By By Albert Eisele - 05/12/11 06:22 PM EDT
It isn’t often that a restaurant review presents an opportunity to learn about an unfamiliar cuisine and, at the same time, gain valuable insights into an international crisis, especially when the restaurant in question is within minutes of your home.
I wrote those words when I reviewed Panjshir on Nov. 7, 2001, just days after the 9/11 terrorist attacks masterminded by Osama bin Laden, so I decided to revisit it last week after the al Qaeda leader was killed by U.S. special forces in neighboring Pakistan.
At the time, it was exactly a month after the U.S. and Britain invaded Afghanistan to drive out al Qaeda and its Taliban protectors, so I asked Amiri how he would advise the Bush administration and Congress, if asked.
He said he “would ask them to stop the bombing [because] they might kill a few of the people they want to catch. But bombing Afghanistan will only kill those innocent people who are suffering and still suffer. The United States is going to lose if it continues the way it is now because every single Afghan will hate the United States.”
Last Saturday night, I asked the Niazys’ 40-year-old son, Esmat, who now runs the restaurant, about Amiri’s dire prediction. “It’s obviously a much different situation now because the American soldiers have a new strategy and have gone into the small towns and villages and tried to educate and help the people,” he said.
“The more we can educate the people, the better off they’ll be. But it takes a lot of time.”
Niazy, who has “close to 100 relatives” living in the area, praised President Obama for “doing a great job. The only thing now is, who’s going to be the next bin Laden?” he said.
Niazy and his four siblings were born in Kabul and came to Washington in 1979, four years after their father, when he decided to open a restaurant, which he named after an Afghan village that was the birthplace of Ahmed Massoud, commander of the opposition Northern Alliance who was assassinated by the Taliban just before 9/11. Niazy says his parents still come by from time to time.
The restaurant seats about 40 people in booths and tables, and there is a bar in the rear, a concession to Western tastes. Behind it is paper money from many countries and two ancient rifles, souvenirs from Great Britain’s futile attempt to conquer Afghanistan in the 19th century – and perhaps an unintended warning to the Soviet Union and the United States.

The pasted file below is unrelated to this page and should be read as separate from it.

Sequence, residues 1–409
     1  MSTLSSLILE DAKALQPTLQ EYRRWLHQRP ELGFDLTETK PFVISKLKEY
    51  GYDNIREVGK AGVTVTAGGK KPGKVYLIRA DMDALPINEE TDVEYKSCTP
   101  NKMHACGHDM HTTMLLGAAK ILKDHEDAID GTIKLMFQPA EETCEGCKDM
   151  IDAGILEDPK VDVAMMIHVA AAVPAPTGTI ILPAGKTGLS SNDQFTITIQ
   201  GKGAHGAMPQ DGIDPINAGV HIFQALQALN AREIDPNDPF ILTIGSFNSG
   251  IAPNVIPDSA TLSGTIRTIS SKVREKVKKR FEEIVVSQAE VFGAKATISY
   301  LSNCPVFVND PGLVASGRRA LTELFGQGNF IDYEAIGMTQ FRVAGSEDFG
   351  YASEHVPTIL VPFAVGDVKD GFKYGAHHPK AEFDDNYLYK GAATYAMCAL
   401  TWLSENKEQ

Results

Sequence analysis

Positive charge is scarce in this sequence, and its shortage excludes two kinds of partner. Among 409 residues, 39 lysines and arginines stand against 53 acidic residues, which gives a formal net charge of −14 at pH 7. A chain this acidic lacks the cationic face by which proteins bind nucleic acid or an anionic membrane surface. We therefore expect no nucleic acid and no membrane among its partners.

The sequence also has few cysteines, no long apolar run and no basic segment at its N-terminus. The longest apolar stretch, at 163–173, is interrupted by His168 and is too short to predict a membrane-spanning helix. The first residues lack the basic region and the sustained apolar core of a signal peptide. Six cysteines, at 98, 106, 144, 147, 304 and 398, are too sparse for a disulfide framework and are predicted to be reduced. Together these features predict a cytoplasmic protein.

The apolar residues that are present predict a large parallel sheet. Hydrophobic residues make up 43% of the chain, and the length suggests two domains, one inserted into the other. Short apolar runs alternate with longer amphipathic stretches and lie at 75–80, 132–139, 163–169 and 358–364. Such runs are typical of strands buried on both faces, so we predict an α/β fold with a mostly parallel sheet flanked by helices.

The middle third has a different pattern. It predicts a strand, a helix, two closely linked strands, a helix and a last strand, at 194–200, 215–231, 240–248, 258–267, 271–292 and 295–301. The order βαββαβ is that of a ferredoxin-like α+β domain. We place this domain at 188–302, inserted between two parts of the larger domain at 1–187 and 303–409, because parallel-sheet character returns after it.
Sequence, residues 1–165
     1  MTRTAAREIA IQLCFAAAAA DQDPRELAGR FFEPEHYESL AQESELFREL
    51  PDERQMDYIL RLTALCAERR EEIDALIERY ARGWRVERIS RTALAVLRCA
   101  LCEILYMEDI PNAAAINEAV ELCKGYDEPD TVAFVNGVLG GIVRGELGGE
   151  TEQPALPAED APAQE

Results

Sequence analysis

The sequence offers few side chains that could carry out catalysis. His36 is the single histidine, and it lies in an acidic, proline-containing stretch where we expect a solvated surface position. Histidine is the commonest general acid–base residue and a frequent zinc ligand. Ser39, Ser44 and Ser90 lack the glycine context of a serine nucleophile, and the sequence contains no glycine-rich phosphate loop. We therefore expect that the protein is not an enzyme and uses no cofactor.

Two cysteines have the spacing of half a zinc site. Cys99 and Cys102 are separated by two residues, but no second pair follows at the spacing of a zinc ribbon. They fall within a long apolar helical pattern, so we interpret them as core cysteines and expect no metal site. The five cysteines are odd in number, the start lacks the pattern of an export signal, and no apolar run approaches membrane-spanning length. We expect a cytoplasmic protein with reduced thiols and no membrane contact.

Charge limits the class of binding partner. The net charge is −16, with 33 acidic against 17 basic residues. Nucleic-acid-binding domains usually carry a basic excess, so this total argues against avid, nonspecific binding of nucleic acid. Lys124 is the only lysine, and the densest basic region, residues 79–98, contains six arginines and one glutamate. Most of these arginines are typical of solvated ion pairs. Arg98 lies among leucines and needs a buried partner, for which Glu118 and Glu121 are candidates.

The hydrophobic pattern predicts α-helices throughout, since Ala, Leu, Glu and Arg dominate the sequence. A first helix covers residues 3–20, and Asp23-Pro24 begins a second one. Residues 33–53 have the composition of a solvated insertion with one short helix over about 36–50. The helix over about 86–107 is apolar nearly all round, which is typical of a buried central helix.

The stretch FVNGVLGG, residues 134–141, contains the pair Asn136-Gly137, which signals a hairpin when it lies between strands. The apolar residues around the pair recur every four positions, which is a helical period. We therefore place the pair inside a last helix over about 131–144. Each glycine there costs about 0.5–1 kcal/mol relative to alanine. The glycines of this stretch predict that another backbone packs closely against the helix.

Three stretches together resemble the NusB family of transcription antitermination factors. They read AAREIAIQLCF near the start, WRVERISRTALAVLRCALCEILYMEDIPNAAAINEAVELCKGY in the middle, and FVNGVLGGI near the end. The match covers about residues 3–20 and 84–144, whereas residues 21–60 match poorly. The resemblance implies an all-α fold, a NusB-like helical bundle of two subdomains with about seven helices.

(Editor’s note: Al, this is supposed to be a restaurant review. What about the food?)
Sorry. I was so caught up in the geopolitics of bin Laden’s death that I forgot about it. The menu is unchanged from 2001, but as I wrote in 2001, “Panjshir’s food may seem unsophisticated by Western standards, but I found it delicious and satisfying. Best of all, it is surprisingly easy on your pocketbook.”
My guests, a college classmate and his wife from Minneapolis, raved about the food, which relies heavily on chicken, beef and lamb with familiar staples such as rice, fresh vegetables, nuts, raisins and yogurt. Most dishes are generously seasoned with herbs and spices including ginger, coriander and saffron.
We started with complimentary bowls of aush, a deliciously spicy Afghan noodle soup with mixed vegetables topped with seasoned yogurt and ground beef, sprinkled with mint, and then a shared order of bulanee kachalu, turnovers stuffed with potato and ground beef and served with a moderately hot sauce on the side ($4.95) that was equally delicious.
Then we hit the kebab jackpot. All of the meat is halal – the Muslim equivalent of kosher – and served on a skewer with saffron rice. My college buddy had lamb, his wife lamb chops marinated in special spices and I had the combination beef, chicken and lamb. All were perfectly grilled and superb
We finished by sampling all four of the restaurant’s desserts, including an exquisite baklava; vanilla pudding with almonds and chocolate pudding with almonds, both topped with cardamom and pistachios; and gosh e feel, a kind of giant elephant’s ear pastry.
Niazy has benefited from Groupon, the online discount service, which featured him in January. As a result, some 600 people have bought $15 coupons that are worth $30 at Panjshir.
At lunch on Monday, I spoke to a fellow diner, Eddie Saghafi, the Iranian-born son of an auto dealer in Leesburg, Va., who said he’s been a regular for 30 years. “If I lived in Falls Church, I’d come every day.”
Because about 98 percent of his customers are Americans, I asked Niazy if they discuss bin Laden and the war in Afghanistan.
“No, they just want to know if the pumpkin and lamb are fresh,” he said.